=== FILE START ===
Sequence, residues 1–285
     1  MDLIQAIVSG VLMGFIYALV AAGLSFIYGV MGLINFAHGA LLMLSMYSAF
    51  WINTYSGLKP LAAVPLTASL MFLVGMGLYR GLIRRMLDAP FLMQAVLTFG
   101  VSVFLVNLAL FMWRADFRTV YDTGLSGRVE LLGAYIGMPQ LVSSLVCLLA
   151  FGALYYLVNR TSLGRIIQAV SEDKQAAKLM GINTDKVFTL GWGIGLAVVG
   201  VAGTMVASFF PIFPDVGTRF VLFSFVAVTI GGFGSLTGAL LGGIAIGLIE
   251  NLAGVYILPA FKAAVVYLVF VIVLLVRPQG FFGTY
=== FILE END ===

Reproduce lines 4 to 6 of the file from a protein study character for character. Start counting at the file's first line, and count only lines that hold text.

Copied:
   101  VSVFLVNLAL FMWRADFRTV YDTGLSGRVE LLGAYIGMPQ LVSSLVCLLA
   151  FGALYYLVNR TSLGRIIQAV SEDKQAAKLM GINTDKVFTL GWGIGLAVVG
   201  VAGTMVASFF PIFPDVGTRF VLFSFVAVTI GGFGSLTGAL LGGIAIGLIE